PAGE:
Trusted Insight: How has a maturing private equity market changed your investment perspective and thesis? Are you driven to more niche markets or must you rely on the relationships built in the 90s?
Andrew Deitch: Various niche strategies have developed and some of those are attractive. That's a natural part of the maturation process of any industry, right? You get more specialization. One has to be careful though. Just because a strategy is specialized, or a manager specializes and claims to have deep expertise in a particular sector, does not by itself make it more attractive than a generalist manager who has a lot of experience and success.
It's not a top-down theme of ours to go after only specialist managers. Over the years at Children's Hospital of Philadelphia, we certainly have broadened our net to try to bring in and evaluate more specialist managers, because there are more and more good ones these days than there used to be. But we're not abandoning really good generalist managers who also have a way of adding tremendous value.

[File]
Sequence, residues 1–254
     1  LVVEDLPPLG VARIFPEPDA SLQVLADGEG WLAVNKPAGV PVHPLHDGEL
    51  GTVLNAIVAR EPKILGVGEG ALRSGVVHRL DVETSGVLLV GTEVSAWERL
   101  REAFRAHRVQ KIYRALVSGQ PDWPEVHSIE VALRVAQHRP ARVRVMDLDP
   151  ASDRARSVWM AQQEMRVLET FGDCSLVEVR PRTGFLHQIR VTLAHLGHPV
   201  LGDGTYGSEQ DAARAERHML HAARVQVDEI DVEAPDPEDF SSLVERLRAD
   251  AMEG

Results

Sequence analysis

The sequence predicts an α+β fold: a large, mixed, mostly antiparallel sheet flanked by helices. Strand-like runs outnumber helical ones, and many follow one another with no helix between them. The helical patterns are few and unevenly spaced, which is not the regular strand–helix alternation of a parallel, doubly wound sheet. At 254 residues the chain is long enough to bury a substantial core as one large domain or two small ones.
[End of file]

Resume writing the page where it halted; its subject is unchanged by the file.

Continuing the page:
I think your thesis is correct. As the industry has matured, it opens up opportunities for specialist managers. We try to obviously be selective in choosing any manager, but we are certainly open to specialist managers now. We don't have that many, but we're always looking.
Trusted Insight: Along with that maturation is a push into new investments structures: direct investment, joint ventures, etc. To what degree is the industry moving from a typical long-term, two-and-twenty fund model to structures more tailored to specific investment opportunities?
Andrew Deitch: I don't personally see an end to the typical ten-year lockup fund and two-and-twenty structure anytime soon. All these other vehicles are evolving, and I think that will continue.
But I also think that there will still be an appetite, particularly among smaller institutions that don't have the resources to do direct investing or don't have enough capital to commit to separate accounts. They will still have an appetite, by default, to go into some of these primary funds with the traditional structures.